What price a Scotsman’s vote? About £500 apparently. Beneath a headline claiming ‘New poll gives Yes campaign hope’ The Scotsman reports that support for independence, as measured by ICM, rises to the giddy heights of 47 per cent if voters are told that they will be £500 a year better off in an independent Scotland.
If this seems a disappointingly mercenary reason for voting Yes the same poll finds that many supporters of independence have their price. Only 18 per cent favour independence if, hypothetically, it were to leave you £500 a year worse off. The Incorruptible 18 per cent! Almost everyone else, it seems, has a price. Upon such things does the fate of nations hang.
The trouble with all this – and if narrow pecuniary concerns are a mildly shabby reason for voting Yes they’re just as grasping a reason for voting No – is that it does rather confirm something we’ve long suspected: there is no grievance or injustice for which independence is the only reasonable, logical or necessary answer. Few folk find themselves in the independence at any price camp. This is no struggle for national liberation. Many people are just not that bothered. (This may be depressing too. There it is.)
ICM’s poll, by the way, was championed by some Yes supporters because it, er, shows them trailing by a mere 17 points. ICM report 49 per cent of voters will vote No and 32 per cent Yes.
So, to recap: we have Panelbase showing a one point lead for Yes, Angus Reid reporting a No lead of 13 points, ICM a No lead of 17 points, TNS-BMRB showing No up by 22 points, Ipsos-Mori finding a No lead of 28 points and YouGov claiming a No lead of 30 points.
And still some Yes supporters claim it’s YouGov, not Panelbase, that are the outliers here. I fancy YouGov overstates the likely No lead but that’s not as daft a notion as claiming that there’s no No lead at all. Only the truly deluded can think that.
There are times, mind you, when the whole damn campaign resembles nothing so much as a gruesome Radio Clyde football phone in dominated by Celtic and Rangers supporters trying to outdo one another in an endless, mirthless, game of Whatabouttery.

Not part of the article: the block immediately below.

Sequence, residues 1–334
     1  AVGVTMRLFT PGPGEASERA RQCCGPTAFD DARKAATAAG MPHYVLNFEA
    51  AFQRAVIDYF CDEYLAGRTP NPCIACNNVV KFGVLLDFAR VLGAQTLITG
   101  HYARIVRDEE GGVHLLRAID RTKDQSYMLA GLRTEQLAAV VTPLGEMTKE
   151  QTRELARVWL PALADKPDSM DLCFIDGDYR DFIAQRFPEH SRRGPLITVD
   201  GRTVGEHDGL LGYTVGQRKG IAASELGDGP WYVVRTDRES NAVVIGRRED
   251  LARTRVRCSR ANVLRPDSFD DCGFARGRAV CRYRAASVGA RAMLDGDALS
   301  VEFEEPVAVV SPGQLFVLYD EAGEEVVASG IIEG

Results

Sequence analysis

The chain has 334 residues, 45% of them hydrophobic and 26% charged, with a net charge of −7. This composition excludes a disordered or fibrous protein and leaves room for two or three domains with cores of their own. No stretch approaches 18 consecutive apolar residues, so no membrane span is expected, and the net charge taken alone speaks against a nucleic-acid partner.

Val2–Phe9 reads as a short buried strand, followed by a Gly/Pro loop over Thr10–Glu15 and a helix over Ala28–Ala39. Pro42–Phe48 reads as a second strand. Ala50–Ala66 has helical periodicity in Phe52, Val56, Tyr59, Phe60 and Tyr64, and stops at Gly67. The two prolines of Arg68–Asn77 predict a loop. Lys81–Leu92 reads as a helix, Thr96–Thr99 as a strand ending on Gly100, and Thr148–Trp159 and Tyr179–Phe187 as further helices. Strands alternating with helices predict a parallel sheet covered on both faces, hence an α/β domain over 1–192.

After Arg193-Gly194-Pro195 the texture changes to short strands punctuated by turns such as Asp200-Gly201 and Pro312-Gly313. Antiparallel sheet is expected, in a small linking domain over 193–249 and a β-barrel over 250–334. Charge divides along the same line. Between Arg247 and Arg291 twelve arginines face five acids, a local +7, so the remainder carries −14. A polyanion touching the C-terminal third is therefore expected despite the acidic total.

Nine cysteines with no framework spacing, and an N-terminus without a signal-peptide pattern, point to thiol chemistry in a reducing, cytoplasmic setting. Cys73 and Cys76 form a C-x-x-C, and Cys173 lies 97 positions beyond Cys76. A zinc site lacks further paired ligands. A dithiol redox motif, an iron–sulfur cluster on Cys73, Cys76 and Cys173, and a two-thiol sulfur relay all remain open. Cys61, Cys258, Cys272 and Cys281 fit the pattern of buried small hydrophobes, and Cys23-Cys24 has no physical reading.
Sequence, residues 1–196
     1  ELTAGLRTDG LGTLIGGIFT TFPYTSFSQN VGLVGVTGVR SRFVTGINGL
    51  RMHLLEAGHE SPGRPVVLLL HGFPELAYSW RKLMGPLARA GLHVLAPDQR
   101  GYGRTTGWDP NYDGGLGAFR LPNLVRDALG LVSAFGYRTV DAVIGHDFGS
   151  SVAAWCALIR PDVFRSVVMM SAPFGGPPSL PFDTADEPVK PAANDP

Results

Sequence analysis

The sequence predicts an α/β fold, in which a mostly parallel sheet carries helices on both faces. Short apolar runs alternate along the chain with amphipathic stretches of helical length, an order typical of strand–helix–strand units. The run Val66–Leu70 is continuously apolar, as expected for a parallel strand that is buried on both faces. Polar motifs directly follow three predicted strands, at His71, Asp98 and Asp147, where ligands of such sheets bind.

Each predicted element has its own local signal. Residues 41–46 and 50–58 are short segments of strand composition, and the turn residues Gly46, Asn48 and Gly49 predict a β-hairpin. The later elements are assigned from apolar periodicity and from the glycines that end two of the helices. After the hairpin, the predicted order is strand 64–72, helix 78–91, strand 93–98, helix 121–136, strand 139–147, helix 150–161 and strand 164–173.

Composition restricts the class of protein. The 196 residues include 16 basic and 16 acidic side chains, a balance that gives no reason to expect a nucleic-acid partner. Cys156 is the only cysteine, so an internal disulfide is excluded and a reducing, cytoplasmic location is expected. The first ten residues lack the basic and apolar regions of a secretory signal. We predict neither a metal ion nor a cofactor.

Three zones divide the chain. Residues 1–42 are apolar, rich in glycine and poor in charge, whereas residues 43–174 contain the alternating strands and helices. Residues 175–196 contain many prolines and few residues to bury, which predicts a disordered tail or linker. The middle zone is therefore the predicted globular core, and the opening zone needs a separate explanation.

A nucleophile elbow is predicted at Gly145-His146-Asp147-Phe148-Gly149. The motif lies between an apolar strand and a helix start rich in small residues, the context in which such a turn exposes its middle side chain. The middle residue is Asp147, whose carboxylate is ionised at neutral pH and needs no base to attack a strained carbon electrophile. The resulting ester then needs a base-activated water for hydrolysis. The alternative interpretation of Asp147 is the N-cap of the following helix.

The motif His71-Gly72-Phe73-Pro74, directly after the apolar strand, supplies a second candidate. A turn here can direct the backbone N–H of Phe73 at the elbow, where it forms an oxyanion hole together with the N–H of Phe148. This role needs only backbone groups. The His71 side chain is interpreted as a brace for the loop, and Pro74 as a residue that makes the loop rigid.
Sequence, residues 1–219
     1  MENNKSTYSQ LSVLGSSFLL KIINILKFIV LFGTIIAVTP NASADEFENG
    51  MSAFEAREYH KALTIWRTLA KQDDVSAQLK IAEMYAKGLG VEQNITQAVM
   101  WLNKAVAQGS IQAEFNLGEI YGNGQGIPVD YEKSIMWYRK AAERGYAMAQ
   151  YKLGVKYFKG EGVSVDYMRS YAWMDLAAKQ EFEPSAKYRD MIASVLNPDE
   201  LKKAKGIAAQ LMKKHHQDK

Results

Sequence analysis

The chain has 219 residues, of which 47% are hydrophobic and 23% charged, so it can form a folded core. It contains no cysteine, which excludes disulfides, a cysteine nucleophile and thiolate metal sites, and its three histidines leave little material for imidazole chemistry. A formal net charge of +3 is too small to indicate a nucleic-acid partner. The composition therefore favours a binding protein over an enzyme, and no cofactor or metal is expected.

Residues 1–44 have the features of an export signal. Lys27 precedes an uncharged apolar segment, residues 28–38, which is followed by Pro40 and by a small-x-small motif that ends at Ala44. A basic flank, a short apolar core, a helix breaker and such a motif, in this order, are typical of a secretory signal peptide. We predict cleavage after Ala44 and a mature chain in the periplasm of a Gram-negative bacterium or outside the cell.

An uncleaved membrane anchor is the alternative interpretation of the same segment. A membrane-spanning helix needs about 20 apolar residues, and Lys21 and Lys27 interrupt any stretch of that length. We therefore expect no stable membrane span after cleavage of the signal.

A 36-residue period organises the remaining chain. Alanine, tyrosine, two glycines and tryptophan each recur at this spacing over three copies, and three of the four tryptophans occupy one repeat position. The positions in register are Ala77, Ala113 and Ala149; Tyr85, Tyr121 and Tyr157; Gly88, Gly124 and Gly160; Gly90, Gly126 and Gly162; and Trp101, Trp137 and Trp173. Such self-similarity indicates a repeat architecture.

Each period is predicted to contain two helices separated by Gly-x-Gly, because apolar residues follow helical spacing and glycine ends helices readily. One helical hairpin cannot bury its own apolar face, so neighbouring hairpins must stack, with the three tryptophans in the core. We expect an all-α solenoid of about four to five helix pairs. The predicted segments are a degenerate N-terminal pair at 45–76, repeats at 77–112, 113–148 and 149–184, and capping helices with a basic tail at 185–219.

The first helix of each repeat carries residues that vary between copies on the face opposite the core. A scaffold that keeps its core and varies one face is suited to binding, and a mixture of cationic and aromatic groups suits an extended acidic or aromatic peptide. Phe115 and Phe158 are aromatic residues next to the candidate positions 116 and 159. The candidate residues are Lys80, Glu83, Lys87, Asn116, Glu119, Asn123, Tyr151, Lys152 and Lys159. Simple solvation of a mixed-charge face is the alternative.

Parsing polls for evidence of Unionist bias has become a minor hobby for some Yes supporters. It’s all rather reminiscent of the demented reaction some Republicans had to polls which showed that Barack Obama was going to defeat Mitt Romney. Since this did not fit their reality, too many conservatives leapt off the deep end and concluded that the polls were wrong – or, rather, skewed - against their candidate and, thus, against reality. A micro-movement sprang up to unskew the polls.
Of course the polls were right all along.
There is no reason to suppose Scottish independence polls conducted by some of the same organisations that have been polling all around the world for years now are uniquely inaccurate. No reason at all.
There is a methodological difference, mind you, between Panelbase and other pollsters. Panelbase like to weight their polls to the Holyrood election in 2011 in which the SNP won their surprise majority. That’s their prerogative. But it seems problematic to me, not least because we all know many people lent their votes to the SNP because a) Alex Salmond and co seemed reasonably competent and b) say what you like about the SNP but at least they weren’t the Scottish Labour party. Handing Labour power would have been like giving power to a dead halibut. Be that as it may, these were not votes for independence. Many of them were, in fact, votes for a strong Scotland within the United Kingdom. Which is still where a plurality of Scots seem to be today. Which, in turn, explains why the SNP are still polling above 40% in the Holyrood polls.
And the turn-out was only 50%. Which does rather change things. Not least since, in general, the higher the turn-out the worse the SNP are likely to fare. As I wrote for The Scotsman last week:
62 per cent of Yes voters would be utterly certain to vote in a Holyrood election held tomorrow, but only 47 per cent of No voters would definitely go to the polls. This is not surprising, but it is a reminder that Holyrood polls are an inadequate basis upon which to make predictions for the independence referendum and that Scottish Parliament elections are treated differently to Westminster elections or plebiscites.
This is one reason why the SNP have a kind of structural advantage in elections to the Scottish parliament. (Another is that everyone knows who Alex Salmond is).
Now that does not mean weighting polls to the 2010 general election – in which the SNP got just 19.9 per cent makes much sense either. That probably understates support for independence (the SNP vote, mind you, being similar to the percentage of diehards who support independence even if it impoverishes them).
This race is not, of course, over. Not yet. There is still a year to go. And it is certainly true that if the SNP can win an argument on economics then the Yes campaign will be much better placed to win. (Conversely: it also shows that a scorched earth No campaign could persuade Scots independence would just cost too much to be a gamble worth taking. This might be effective; it would probably also be ignoble.)
Even so, you can tell which side is losing – at least for now – and which is not pretty easily. It’s the side that finds encouraging signs in a poll reporting their side is only losing by 17 points.Tags: Alex Salmond, british politics, Scotland, Scottish independence, SNP